CEDAR RAPIDS — A woman who was attacked in a hospital parking ramp last year by a man she said was stalking her told a judge during the man’s sentencing Wednesday that she still fears people and feels everyone is dangerous.
Dorcus Luntawudila, in a victim impact statement, said she still has stress and experiences panic attacks from her confrontation Aug. 22 with Amstrong Massamba, who threatened her and her unborn child with a knife, then stabbed her friend as he tried to prevent the assault.
Luntawudila, in the statement read by a victim/witness coordinator with the Linn County Attorney’s Office, said Massamba was “determined to kill me” and told her he would do so when he gets out of prison. She has been forced to move out of her home and to “different cities” because he broke into her home before the attack and stole money and jewelry from her.
Massamba, 26, a legal U.S. resident originally from the Democratic Republic of Congo, pleaded guilty in February to willful injury causing bodily injury and going armed with intent. A criminal complaint showed he threatened and lunged at Luntawudila, who was eight months pregnant, wielding a knife at her stomach during the attack outside UnityPoint Health-St. Luke’s Hospital. He then assaulted her friend, Rufus Voka, who intervened to protect her.
The sentencing was held by phone conference in Linn County District Court because Massamba waived his right to an in-person proceeding, as the Iowa Supreme Court has allowed during the pandemic. The proceeding was interpreted in French for Massamba.
A criminal complaint showed Luntawudila told police Massamba had been stalking her and showed up at her apartment Aug. 20, two days before the knife attack, and took her apartment key.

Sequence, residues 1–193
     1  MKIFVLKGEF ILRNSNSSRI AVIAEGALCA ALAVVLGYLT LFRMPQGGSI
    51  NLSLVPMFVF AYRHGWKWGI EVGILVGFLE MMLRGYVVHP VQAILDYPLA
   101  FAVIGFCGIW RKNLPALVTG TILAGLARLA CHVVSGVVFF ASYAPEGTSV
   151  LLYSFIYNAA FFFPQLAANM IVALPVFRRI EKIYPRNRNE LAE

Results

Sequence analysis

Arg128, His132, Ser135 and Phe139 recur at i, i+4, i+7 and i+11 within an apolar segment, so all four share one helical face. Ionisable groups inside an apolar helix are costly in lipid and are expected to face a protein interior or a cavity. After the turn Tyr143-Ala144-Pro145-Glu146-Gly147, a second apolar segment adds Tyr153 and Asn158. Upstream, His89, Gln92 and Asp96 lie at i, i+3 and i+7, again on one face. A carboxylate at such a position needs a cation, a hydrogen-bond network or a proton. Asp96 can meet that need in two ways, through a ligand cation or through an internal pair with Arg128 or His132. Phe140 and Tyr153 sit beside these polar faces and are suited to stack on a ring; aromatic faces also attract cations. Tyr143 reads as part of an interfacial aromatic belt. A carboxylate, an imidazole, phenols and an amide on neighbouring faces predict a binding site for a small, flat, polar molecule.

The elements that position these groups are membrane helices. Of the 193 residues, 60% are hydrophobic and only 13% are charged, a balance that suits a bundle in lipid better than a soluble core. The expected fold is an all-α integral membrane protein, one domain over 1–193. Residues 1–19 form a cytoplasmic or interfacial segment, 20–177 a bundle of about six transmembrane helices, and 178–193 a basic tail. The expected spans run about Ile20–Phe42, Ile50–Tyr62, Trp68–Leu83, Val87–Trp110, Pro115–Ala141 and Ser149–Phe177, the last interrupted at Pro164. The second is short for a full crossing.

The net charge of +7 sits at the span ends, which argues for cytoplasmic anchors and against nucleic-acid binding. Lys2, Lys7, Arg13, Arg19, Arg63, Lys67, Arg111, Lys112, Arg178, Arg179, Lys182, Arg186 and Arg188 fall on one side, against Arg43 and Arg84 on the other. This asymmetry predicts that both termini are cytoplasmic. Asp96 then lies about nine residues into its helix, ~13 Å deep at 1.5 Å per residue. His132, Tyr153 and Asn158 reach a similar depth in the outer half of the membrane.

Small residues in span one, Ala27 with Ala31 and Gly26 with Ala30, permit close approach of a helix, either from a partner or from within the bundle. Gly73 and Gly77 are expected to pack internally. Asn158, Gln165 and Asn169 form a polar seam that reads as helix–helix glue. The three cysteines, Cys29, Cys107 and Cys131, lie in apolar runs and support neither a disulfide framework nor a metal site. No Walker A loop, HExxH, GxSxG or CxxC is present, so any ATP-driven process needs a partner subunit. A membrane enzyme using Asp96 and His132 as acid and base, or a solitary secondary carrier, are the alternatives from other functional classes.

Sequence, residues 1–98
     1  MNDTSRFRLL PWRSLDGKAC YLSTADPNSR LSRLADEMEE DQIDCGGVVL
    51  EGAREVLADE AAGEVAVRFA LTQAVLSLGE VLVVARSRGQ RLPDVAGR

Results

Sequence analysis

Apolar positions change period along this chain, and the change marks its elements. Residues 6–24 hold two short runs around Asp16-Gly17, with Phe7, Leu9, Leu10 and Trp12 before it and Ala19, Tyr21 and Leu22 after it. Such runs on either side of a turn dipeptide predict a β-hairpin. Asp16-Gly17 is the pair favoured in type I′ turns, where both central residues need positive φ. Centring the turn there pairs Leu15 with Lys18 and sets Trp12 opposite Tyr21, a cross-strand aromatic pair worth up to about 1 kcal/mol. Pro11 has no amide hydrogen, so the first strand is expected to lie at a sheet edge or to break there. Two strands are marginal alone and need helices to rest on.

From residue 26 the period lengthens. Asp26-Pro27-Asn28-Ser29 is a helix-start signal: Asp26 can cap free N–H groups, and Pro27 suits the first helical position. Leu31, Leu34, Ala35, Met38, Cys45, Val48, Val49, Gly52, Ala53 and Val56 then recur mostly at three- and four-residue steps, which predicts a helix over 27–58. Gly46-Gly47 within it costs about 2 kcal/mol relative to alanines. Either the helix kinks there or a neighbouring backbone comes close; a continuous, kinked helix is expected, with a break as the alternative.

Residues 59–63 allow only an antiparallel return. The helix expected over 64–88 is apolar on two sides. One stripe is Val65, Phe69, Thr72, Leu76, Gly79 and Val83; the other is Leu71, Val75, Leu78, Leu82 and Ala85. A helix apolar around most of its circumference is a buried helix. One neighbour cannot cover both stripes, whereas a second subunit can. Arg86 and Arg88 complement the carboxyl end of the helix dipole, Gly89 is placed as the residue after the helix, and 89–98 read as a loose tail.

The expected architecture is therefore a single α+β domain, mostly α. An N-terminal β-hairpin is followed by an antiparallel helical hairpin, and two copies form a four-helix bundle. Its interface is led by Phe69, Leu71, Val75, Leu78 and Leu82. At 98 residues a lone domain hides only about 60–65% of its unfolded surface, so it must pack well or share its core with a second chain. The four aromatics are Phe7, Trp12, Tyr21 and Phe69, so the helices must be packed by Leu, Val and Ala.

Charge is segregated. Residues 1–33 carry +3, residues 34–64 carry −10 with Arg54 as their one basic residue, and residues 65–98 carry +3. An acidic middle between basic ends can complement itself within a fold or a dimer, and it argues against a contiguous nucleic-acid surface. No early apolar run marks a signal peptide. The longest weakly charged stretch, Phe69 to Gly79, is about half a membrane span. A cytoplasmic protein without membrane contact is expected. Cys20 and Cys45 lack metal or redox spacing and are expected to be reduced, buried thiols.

Police said Luntawudila reported that he had been following her that day, and she thought he was going to try to kill her. When officers responded, they found Massamba in her apartment. Officers retrieved the key he had taken and told him to leave. The apartment manager then changed Luntawudila’s locks.
Voka, in his statement read by the coordinator, said he also has been fearful of people since he was stabbed in the arm that day. He hasn’t wanted to be physically close to anyone in fear this might happen again.
He had to go through three arm surgeries and still has pain and limitations, which may be permanent. He also had two broken teeth, and the “scars on my skin” continue to remind him of the assault.
Assistant Linn County Attorney Rena Schulte, arguing for prison time, said Massamba was prepared for the assault with a knife that had a blade 12 to 14 inches long. Not only did he attack Luntawudila, who had a cut to her right foot and left hand, but he also turned the knife on Voka, who was trying to protect her.
Several witnesses saw the attack and heard Luntawudila screaming for help, Schulte noted. The only “reasonable and safe” sentence for the victims and the community would be to run both five-year terms consecutively for 10 years in prison, Schulte said.
Cory Goldensoph, Massamba’s lawyer, asked the court for a suspended sentence and probation. He admitted the facts of the case were “not great,” but said Massamba had a “great deal of emotions” in this situation. He thought he was in a relationship with this woman, which didn’t go well, and he “regrets” it.
Massamba has no criminal history and has had a solid work history since he came to the United States and even before that in his home country, Goldensoph said.
Massamba declined to make a statement.
Sixth Judicial District Judge Lars Anderson noted the violent nature of the offenses and Massamba’s lack of remorse during a presentencing interview and during the sentencing after Massamba wanted to rebut what Luntawudila said in her statement. He sentenced him to five years on each conviction but ran the terms concurrently for a total of five years.
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